I enjoy watching the British mystery shows on PBS. I wax nostalgic over the short, rough-hewn walls fencing in rolling, emerald-green pastures dotted with bright yellow buttercups pictured in almost every scene. When I hear the crunch, crunch of feet on the pebbled walkways on these shows, I flash back to the entrance of my grandparent’s home in Oban, Scotland. I open the squeaky front gate and run up the pebbled walkway to my Granny and Grandad’s humble home, a second floor apartment of a four-unit walk-up on the outer edge of town.

At the end of the pebbled walkway, as soon as we opened up the door of the first-floor landing, and before we stomped up the steep carpeted stairway, our stomachs would rumble in anticipation of whatever treats my Granny had baked for us. It amazed me what she could produce out of her tiny kitchen with no fridge (unless you counted the windowsill where the milk and butter for the day sat chilling), and a two burner range with a miniscule oven.

One of Granny’s specialties was her fresh strawberry trifle. Grandad grew the strawberries in the backyard. I can’t eat strawberries today without the mingled smell of pipe tobacco as a back note. I would sit with my grandad, our backs to the garden shed, enjoying some afternoon sun while he smoked his pipe (Granny didn’t allow it in the house). We nibbled on bright, red, tiny nuggets of strawberry sweetness plucked right off of the vine. We were supposed to be gathering strawberries for the evening tea-time trifle, but we had to taste test some first!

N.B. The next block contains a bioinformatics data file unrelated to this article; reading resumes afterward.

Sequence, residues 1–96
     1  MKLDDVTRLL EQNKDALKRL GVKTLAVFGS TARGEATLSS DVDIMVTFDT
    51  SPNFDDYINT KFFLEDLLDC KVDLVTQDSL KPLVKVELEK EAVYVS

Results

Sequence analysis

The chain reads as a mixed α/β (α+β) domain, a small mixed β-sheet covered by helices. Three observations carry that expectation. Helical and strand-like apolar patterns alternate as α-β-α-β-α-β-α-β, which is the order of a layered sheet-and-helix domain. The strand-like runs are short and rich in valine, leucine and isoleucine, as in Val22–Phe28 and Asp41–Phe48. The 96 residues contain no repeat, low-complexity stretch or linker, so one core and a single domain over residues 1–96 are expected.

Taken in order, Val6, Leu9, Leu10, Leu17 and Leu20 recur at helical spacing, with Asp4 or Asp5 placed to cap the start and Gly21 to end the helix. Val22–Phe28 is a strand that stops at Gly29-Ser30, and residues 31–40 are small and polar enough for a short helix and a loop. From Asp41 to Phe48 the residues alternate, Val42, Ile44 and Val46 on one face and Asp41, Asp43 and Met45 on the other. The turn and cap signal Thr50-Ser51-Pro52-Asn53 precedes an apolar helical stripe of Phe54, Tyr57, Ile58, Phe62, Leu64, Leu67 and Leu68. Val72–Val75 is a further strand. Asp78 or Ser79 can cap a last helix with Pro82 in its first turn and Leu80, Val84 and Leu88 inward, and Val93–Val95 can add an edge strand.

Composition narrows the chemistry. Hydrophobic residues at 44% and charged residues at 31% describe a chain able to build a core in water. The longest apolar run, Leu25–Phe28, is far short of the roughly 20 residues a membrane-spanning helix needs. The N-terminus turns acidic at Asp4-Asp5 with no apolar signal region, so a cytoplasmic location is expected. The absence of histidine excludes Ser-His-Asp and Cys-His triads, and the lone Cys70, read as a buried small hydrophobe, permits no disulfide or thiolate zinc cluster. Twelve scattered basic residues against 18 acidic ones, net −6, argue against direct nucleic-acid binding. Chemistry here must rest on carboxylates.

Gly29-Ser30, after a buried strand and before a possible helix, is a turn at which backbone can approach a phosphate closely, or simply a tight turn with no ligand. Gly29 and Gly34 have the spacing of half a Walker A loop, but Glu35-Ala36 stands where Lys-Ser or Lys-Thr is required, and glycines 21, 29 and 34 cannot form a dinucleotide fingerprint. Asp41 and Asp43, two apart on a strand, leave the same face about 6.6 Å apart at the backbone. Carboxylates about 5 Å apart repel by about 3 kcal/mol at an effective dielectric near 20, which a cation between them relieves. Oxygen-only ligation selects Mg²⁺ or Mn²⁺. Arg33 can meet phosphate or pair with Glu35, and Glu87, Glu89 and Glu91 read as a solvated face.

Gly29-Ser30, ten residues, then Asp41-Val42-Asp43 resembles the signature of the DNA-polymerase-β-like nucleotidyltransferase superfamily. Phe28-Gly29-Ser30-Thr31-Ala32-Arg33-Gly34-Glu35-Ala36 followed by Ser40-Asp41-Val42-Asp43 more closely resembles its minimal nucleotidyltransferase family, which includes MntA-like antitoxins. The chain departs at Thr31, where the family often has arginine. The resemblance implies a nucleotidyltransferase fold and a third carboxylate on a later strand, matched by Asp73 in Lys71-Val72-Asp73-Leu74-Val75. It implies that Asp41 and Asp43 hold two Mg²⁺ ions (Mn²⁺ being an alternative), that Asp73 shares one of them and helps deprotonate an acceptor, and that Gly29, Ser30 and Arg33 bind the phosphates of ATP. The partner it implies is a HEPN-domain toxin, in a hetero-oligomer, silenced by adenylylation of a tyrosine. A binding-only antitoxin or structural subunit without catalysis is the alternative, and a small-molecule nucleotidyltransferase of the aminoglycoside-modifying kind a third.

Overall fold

All this prelude is for you to picture what I feel, smell, and taste every time I make a simple imitation of my Granny’s trifle. Her base was always a homemade, rich and buttery pound-like cake. Her topping was fresh whip cream that was to order, left on her stoop in cold glass bottles along with the daily milk delivery. And the strawberries were fresh from the backyard. Her custard was made from fresh eggs and whole unhomogenized milk, rich with butter-laced creaminess.

In contrast, my trifle base is either “Sarah Lee Pound Cake,” or my home-made leftover cake. My whipping cream and strawberries are always store bought. My custard is either homemade or from a box of instant vanilla pudding mix, depending on how much time I have to spare. Here is my quick and easy rendition of my Granny’s Fresh Berry Trifle.

In a tall, straight-sided glass dish, layer cubed pound cake, fresh berries, and berry flavored jello. Pour hot disolved jello over the cake and fruit. Let it set, preferably overnight. Add custard over the set jello mixture and allow to rest till firm. Before serving, top with sweetened heavy whipping cream. This makes a stunning valentine treat with its bright red color. It looks like it took a lot of work, but you know better!

Which berry will you choose for your trifle?

left over pound cake

fresh fruit (berries or peaches work well)

1 large box fruit flavored jello made to pkg directions

1 small box instant vanilla pudding mix made to pkg directions

 whipping cream sweetened with 1/4 cup powdered sugar


Trifle Ingredients

Pin It on Pinterest

Share This